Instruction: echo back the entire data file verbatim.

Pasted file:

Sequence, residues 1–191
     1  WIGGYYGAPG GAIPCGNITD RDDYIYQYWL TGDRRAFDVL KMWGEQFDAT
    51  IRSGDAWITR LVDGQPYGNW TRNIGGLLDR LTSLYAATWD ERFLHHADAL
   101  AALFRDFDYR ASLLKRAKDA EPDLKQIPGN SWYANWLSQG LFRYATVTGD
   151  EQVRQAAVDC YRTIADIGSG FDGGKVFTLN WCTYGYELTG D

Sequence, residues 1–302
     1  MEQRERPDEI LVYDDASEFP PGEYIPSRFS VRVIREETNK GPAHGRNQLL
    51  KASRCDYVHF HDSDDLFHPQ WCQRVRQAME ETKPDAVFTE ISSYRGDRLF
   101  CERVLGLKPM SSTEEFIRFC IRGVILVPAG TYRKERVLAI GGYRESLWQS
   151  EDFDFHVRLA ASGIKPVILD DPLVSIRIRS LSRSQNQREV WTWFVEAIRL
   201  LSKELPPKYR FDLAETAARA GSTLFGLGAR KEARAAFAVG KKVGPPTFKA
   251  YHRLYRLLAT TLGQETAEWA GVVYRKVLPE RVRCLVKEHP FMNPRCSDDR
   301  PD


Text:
Sequence, residues 1–191
     1  WIGGYYGAPG GAIPCGNITD RDDYIYQYWL TGDRRAFDVL KMWGEQFDAT
    51  IRSGDAWITR LVDGQPYGNW TRNIGGLLDR LTSLYAATWD ERFLHHADAL
   101  AALFRDFDYR ASLLKRAKDA EPDLKQIPGN SWYANWLSQG LFRYATVTGD
   151  EQVRQAAVDC YRTIADIGSG FDGGKVFTLN WCTYGYELTG D

Sequence, residues 1–302
     1  MEQRERPDEI LVYDDASEFP PGEYIPSRFS VRVIREETNK GPAHGRNQLL
    51  KASRCDYVHF HDSDDLFHPQ WCQRVRQAME ETKPDAVFTE ISSYRGDRLF
   101  CERVLGLKPM SSTEEFIRFC IRGVILVPAG TYRKERVLAI GGYRESLWQS
   151  EDFDFHVRLA ASGIKPVILD DPLVSIRIRS LSRSQNQREV WTWFVEAIRL
   201  LSKELPPKYR FDLAETAARA GSTLFGLGAR KEARAAFAVG KKVGPPTFKA
   251  YHRLYRLLAT TLGQETAEWA GVVYRKVLPE RVRCLVKEHP FMNPRCSDDR
   301  PD